Tony Nicklinson, an Englishman, was paralyzed from the neck down after a stroke in 2005:
Tony can’t communicate other than through blinking and he wanted doctors to end his life on his own terms, instead of prolonging his suffering.
Yesterday, though, the High Court ruled that he can’t do that. If doctors let him die before it’s “his time,” they will be prosecuted. Nicklinson was devastated and it’s hard not to tear up seeing his reaction to the decision:
“Although I didn’t want to raise my hopes, it happened anyway because a fantastic amount of work went into my case and I thought that if the court saw me as I am, utterly miserable with my life, powerless to do anything about it because of my disability then the judges would accept my reasoning that I do not want to carry on and should be able to have a dignified death.
“I am saddened that the law wants to condemn me to a life of increasing indignity and misery.”
The British Humanist Association condemns the decision, too:
Andrew Copson BHA Chief Executive, commented ‘We are deeply disappointed by this news for Tony. We fully supported the legal case to establish the right to have a doctor lawfully end his life.
‘Mentally competent adults should be able to make decisions about their lives, as long as they do not result in harm to others. In cases where a patient is suffering incurably, is permanently incapacitated, and has made a clear and informed decision to end their life but is unable to do so independently, the law should allow a doctor to intervene. We also believe that there is an urgent need for Parliament to legislate on the matter, and to introduce a law which legalises assisted dying while also imposing safeguards to protect the vulnerable.
‘We will continue to support Tony as he appeals this decision and will also continue to call for an ethical and humane law on assisted dying that would protect the vulnerable, but also allow mentally competent adults the right to die with dignity in a time and manner of their own choosing.’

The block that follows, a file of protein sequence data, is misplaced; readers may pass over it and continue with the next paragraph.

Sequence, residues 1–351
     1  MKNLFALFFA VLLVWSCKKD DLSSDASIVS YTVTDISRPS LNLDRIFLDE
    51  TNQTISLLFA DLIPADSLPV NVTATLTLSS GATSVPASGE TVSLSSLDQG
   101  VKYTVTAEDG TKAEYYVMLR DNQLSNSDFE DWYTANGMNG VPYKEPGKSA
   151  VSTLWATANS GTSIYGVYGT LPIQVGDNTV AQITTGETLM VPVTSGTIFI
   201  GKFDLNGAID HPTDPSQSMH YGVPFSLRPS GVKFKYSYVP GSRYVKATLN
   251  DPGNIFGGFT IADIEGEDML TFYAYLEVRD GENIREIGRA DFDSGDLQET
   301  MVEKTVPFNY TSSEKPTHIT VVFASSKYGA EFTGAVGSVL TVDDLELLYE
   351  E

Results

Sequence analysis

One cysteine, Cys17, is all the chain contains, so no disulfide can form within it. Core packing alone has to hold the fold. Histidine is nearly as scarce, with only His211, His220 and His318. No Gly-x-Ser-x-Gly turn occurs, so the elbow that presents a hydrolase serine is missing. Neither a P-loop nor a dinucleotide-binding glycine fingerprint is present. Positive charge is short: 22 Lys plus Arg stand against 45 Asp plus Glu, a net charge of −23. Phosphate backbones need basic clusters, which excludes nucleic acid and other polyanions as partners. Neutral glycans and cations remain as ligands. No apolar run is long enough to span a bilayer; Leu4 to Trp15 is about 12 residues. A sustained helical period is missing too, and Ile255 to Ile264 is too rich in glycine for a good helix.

Raymond Tallis, Chair of the group Healthcare Professionals for Assisted Dying, has an article in the upcoming issue of New Humanist in which he offers rationale for why the law regarding assisted dying must be changed:
The case for a law to legalise the choice of physician-assisted dying for mentally competent people with terminal illness, who have expressed a settled wish to die, is very easily stated. Unbearable suffering, prolonged by medical care, and inflicted on a dying patient against their will, is an unequivocal evil. What’s more, the right to have your choices supported by others, to determine your own best interest, when you are of sound mind, is sovereign. And this is accepted by a steady 80-plus per cent of the UK population in successive surveys.
Without knowing the legal system overseas, this doesn’t appear to be the court’s fault. They’re just doing their jobs. But it’s up to English lawmakers to correct this injustice. It may be a politically incorrect topic, but it’s an important one. For all the thought given to the politics regarding birth and conception, we don’t pay much attention to end-of-life issues.
(via New Humanist)
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